What if the current foundations of Mathematics are inconsistent?
Had this kind of opinion been expressed before?
The opinion that the Peano Arithmetic is likely to be inconsistent is not uncommon, along with ideas on how to deal with this (targeting the "what if" question). Wikipedia has an article about that, and MathOverflow has a question. These have links to works by Nelson, and to a paper by Sazonov, which among others refer to Parikh (1971) and Yessenin-Volpin (1959). These things have been discussed also in a paper by Rashevski (1973) and a few years ago also (quite extensively, with a number of additional references) at the FOM mailing list.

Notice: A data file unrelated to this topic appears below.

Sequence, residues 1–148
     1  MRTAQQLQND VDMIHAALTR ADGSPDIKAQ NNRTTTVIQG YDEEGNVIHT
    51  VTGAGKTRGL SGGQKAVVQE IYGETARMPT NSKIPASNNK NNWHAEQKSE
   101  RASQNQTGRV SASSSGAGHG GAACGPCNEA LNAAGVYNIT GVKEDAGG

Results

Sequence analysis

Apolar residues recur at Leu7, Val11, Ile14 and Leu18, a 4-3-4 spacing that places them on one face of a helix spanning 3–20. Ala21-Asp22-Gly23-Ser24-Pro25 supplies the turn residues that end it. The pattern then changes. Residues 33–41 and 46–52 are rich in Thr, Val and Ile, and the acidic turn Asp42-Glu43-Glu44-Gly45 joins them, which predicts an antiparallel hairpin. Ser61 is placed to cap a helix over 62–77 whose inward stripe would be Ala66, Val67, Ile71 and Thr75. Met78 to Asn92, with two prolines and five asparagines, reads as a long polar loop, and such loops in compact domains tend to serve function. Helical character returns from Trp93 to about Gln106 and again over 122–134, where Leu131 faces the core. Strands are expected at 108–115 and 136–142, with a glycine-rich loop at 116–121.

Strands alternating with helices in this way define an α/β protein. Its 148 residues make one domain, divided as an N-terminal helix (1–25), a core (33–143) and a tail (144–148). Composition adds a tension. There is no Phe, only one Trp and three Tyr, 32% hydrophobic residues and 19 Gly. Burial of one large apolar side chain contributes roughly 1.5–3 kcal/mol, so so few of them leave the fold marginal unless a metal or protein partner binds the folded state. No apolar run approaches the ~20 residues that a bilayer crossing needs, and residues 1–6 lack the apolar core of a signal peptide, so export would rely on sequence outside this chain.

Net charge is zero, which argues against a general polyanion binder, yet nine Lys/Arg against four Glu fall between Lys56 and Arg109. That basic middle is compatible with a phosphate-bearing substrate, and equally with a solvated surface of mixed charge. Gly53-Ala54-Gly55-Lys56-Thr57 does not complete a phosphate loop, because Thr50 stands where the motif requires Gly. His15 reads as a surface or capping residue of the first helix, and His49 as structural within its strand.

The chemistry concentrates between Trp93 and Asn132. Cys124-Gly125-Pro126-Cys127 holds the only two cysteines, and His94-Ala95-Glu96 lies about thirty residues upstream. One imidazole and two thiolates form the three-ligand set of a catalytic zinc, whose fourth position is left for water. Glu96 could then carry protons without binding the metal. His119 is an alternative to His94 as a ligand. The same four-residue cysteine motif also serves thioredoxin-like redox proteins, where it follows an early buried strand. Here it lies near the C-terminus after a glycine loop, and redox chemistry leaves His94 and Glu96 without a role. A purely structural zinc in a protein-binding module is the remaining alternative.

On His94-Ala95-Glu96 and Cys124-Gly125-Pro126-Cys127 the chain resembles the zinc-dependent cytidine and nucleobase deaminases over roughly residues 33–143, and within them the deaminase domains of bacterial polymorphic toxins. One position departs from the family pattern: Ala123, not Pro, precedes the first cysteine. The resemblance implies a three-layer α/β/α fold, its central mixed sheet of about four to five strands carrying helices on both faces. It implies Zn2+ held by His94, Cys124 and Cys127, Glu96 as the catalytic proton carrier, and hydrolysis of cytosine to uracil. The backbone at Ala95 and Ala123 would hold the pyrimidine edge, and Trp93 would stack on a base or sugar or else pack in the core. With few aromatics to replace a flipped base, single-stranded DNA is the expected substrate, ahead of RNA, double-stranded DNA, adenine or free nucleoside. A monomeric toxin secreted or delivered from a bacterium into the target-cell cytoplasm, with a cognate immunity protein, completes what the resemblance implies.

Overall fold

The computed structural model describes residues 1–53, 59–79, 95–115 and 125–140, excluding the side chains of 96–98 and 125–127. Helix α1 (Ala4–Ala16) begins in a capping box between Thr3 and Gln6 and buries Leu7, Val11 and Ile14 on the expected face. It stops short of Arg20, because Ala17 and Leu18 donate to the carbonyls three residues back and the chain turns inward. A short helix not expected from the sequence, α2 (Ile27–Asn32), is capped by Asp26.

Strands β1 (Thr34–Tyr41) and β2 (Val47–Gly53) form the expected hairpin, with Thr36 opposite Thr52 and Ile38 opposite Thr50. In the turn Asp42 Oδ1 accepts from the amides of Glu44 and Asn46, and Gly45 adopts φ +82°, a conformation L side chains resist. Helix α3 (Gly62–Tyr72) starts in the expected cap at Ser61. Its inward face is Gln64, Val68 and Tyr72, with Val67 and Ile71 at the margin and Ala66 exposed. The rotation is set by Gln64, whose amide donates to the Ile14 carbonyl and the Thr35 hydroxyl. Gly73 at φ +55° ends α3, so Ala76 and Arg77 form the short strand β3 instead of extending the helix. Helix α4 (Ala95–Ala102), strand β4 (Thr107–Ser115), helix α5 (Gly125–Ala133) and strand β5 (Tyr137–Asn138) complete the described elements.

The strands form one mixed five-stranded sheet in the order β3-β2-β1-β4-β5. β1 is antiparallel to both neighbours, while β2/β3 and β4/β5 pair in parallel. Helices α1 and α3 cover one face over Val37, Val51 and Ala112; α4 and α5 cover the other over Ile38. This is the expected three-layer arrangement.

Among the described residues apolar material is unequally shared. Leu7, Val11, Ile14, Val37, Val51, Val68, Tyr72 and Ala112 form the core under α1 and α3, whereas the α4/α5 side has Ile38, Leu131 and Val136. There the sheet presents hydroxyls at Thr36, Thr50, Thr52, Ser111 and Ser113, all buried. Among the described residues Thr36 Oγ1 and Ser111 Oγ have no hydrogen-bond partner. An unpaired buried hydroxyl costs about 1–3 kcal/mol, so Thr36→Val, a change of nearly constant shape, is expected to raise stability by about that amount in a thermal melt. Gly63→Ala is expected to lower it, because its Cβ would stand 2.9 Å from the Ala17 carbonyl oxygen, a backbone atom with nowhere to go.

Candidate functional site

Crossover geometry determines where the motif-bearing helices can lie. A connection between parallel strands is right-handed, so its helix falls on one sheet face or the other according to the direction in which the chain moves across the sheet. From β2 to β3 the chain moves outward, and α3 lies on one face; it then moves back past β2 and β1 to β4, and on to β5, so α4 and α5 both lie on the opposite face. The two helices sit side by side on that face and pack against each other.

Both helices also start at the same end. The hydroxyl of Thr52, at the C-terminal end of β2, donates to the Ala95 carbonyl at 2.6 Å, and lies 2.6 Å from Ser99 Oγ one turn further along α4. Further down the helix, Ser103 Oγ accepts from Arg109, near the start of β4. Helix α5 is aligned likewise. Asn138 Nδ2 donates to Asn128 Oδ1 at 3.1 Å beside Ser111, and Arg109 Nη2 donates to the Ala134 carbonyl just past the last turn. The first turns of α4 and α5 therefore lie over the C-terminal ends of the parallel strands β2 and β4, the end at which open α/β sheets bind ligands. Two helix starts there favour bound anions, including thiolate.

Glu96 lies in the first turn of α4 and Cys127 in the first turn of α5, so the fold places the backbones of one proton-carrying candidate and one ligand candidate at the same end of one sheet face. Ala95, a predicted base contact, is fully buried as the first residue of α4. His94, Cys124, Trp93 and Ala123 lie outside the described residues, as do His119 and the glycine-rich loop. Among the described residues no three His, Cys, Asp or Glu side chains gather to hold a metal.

An implicit question is "What do you think of Vladimir Voevodsky's talk?"
His message is obviously: "Guys, your Peano Arithemetic is something not to be taken too seriously. Which is a good reason to be a bit more serious about Voevodsky's univalent foundations!" I hear this message, in particular, when he speaks of "reliable proofs", and in fact it does resonate with me. His subsequent talk about the univalent foundations is much more substantial; having a separate copy of the "slides" helps to follow the video.